I like to think of myself as a “glass half full” sorta guy, but that’s not truly my natural bent. In fact, I can get pretty melancholy at times.

My doc asked me during my last physical if I struggled with depression at all. I replied, “No, I don’t really struggle with depression; I kinda like it.” (Side note: That went on my medical file, and when I went into the emergency room months later, the nurse asked me, “Are you still struggling with depression?)

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Sigh.

Here’s where I’ve landed on this whole depression thing: Lots of great men (and women) wrestled with the blues at times. Elijah was a train wreck after being threatened by Jezebel. David was overwhelmed by life’s unfairness and pretty darn grumpy about it. Peter wanted to give it all up and go back to fishing after he blew it.

It’s OK to be sad about your failures and the sins of others against you. It’s OK to be a little bit mad. It’s even OK to want to crawl into a hole from time to time.

Just don’t stay there too long.

Shake off the dust. Pull yourself together. Then fix your eyes on the joy to come rather than the pain you’re in at the moment.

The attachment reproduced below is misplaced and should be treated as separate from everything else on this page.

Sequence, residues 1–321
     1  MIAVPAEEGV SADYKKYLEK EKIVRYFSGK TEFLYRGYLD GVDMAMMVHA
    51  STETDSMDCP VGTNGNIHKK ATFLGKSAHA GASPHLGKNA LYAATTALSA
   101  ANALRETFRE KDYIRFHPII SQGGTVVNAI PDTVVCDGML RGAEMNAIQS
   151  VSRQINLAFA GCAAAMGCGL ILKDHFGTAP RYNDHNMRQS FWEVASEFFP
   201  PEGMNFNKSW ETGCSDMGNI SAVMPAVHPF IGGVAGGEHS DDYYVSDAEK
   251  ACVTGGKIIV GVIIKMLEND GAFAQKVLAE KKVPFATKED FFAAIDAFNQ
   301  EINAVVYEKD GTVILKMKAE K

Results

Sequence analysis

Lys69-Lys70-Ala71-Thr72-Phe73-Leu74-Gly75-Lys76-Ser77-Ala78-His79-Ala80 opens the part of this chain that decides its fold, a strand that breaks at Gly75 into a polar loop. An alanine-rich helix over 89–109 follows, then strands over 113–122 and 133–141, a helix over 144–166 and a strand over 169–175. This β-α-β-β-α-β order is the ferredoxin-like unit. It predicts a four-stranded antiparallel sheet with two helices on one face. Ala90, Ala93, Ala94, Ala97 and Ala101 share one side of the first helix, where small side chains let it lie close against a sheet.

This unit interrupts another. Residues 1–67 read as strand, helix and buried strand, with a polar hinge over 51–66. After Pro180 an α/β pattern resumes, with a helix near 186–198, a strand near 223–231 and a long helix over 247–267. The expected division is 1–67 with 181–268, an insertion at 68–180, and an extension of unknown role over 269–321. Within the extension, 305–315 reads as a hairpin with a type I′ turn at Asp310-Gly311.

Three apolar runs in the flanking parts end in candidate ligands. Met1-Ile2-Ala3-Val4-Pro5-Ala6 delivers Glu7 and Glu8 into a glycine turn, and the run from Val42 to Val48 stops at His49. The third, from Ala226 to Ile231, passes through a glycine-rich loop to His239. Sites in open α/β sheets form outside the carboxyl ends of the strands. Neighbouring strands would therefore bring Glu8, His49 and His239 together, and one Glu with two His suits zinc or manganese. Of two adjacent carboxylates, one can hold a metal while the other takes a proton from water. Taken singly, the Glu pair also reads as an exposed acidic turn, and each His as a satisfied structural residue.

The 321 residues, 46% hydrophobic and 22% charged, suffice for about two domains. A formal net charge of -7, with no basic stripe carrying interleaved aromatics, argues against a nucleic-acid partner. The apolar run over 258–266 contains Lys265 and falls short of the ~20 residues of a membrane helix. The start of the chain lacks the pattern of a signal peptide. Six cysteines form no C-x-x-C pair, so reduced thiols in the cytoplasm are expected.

I suppose “shaking off the dust” could sound a bit cold-hearted. And to be clear, I’m not saying people or relationships are nothing but dust.

However, you can’t let the opinions, beliefs, or attitudes of others about you squash your God-given purpose.

You’re hurt. You’re a mess. I understand, and I’m sorry.

It’s good to grieve. (It’s part of the healing process.)

But then get up and get moving.

Get refocused, and get back to the work of the Kingdom.

God’s not done with you yet.

As a matter of fact, God delights in using cracked pots and broken people to do incredible things because he gets to be the hero of our story.

And he is.

“We have this treasure in jars of clay, to show that the surpassing power belongs to God and not to us.” —2 Corinthians 4:7

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This article originally appeared on KurtBubna.com and is reposted here by permission.